I just read a marvelous little book by J.I. Packer called Weakness Is the Way: Life with Christ Our Strength. It is easy to read and applicable to life. He leads the reader through a study in First and Second Corinthians. In these to Bible letters, the Apostle Paul speaks of weakness—his weakness and even the weakness of Christ.
Each time he said, “My grace is all you need. My power works best in weakness.” So now I am glad to boast about my weaknesses, so that the power of Christ can work through me. That’s why I take pleasure in my weaknesses, and in the insults, hardships, persecutions, and troubles that I suffer for Christ. For when I am weak, then I am strong. (NLT, 2 Co 12:9–10).
Although he was crucified in weakness, he now lives by the power of God. We, too, are weak, just as Christ was, but when we deal with you, we will be alive with him and will have God’s power. (NLT, 2 Co 13:4).
We live in a culture that banks on power and strength. From childhood on, we want our children to grow strong and self-reliant. But Paul says that in our self-assurance, we lose sight of our real strength—Jesus Christ.
Packer reflected on a humorous Peanuts cartoon when Lucy asked a gloomy-looking Charlie Brown what he was worried about. Charlie answered, “I feel inferior.” “Oh,” said Lucy, “you shouldn’t worry about that. Lots of people have that feeling.” “What, that they’re inferior?” Charlie asked. “No,” Lucy replied, “that you’re inferior” (14).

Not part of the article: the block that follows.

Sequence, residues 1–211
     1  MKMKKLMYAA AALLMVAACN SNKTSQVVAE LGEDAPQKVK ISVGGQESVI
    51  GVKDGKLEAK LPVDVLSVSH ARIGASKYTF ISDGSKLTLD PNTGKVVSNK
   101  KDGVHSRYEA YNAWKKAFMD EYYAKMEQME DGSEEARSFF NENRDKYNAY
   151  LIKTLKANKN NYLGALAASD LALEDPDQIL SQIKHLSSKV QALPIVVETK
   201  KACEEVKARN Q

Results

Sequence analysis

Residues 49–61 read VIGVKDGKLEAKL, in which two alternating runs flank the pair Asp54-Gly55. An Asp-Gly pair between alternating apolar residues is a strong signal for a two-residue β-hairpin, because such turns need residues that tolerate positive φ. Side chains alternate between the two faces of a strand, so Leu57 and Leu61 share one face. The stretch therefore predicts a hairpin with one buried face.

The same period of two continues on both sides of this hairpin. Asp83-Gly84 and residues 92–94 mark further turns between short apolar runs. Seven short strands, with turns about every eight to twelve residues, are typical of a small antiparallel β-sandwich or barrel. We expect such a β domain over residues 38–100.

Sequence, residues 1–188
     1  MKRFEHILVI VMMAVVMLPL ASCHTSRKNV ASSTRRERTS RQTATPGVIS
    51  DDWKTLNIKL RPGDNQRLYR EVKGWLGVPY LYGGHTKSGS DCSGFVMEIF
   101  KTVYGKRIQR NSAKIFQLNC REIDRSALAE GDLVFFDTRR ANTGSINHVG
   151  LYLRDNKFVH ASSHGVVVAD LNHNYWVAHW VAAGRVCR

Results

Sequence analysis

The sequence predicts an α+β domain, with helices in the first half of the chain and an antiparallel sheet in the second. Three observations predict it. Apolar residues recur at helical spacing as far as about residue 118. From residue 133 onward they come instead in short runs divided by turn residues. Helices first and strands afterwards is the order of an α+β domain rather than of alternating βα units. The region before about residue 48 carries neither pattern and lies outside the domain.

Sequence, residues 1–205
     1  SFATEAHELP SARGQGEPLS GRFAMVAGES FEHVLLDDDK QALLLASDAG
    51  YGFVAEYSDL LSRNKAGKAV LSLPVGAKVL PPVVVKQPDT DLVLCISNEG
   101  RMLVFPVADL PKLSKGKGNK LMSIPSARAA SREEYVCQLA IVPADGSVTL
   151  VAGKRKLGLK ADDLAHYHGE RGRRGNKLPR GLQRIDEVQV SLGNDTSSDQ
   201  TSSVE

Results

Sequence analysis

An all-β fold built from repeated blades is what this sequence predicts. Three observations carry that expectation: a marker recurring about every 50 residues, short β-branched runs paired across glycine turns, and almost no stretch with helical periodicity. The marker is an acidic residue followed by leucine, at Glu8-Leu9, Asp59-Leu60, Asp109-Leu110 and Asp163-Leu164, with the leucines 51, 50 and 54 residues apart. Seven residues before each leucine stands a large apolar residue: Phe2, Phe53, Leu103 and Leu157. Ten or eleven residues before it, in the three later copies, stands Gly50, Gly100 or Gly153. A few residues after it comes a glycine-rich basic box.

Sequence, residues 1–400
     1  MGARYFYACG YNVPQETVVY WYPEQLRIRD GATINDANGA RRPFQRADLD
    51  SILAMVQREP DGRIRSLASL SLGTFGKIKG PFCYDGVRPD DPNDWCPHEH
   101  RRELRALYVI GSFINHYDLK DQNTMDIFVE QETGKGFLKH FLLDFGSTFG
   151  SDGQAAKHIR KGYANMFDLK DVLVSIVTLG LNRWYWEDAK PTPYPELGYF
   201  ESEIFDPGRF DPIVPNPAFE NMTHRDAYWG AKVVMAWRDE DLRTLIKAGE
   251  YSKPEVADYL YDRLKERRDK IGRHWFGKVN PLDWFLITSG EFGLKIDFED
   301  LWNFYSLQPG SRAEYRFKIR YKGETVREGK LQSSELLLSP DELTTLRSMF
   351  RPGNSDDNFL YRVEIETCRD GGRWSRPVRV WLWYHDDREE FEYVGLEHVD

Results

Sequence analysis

The perception of being weak, which everyone feels at times, leads to feelings of inferiority, which Packer calls the Charlie Brown syndrome. We can feel worthlessness and wonder what benefit we bring to our families and churches. “Original sin in the form of pride, ambitious independence, and deep-level egocentricity has infected everyone, we all crave to be admired for strength in something, and the expectation that it is not going to happen makes one feel like a punctured balloon and plants bitterness in one’s heart,” says Packer (50).
When we discover the fact that we really are weak, Packer advises that we LOOK to Christ as the “loving Sin-Bearer and living Lord.” When we receive Him a Savior and make Him Master of our lives, we can legitimately leave behind our self-pity and feelings of failure.
Then we can LOVE Christ, find our worth in pleasing him with our lives instead of looking to others for their approval. Consequently, we can say with the Apostle Paul, “As for me, it matters very little how I might be evaluated by you or by any human authority. I don’t even trust my own judgment on this point. My conscience is clear, but that doesn’t prove I’m right. It is the Lord himself who will examine me and decide” (NLT, 1 Co 4:3–4). How freeing it is to depend on Christ for our commendation, not other people or even ourselves.
Lastly, Packer says we should learn to LEAN on Christ and rely on him to supply through the Holy Spirit all the strength we need to serve Him. As Christians, we have the power of the Holy Spirit in us to do God’s work. Why would we even bother relying on our own strength when He who is stronger wants us to lean into Him?
I want to encourage you to take a look at J.I. Packer’s excellent work. I know you won’t be sorry.
Packer, J. I. Weakness Is the Way: Life with Christ Our Strength. Wheaton, IL: Crossway, 2013. Print.
Born in Reading, Pennsylvania, Eric grew up in the little town of Gibraltar, PA with his grandparents. He met his wife Cheryl while working at Good’s Greenhouse in Bowmansville, PA. He has three adult children and values watching them grow into the people God wants them to be.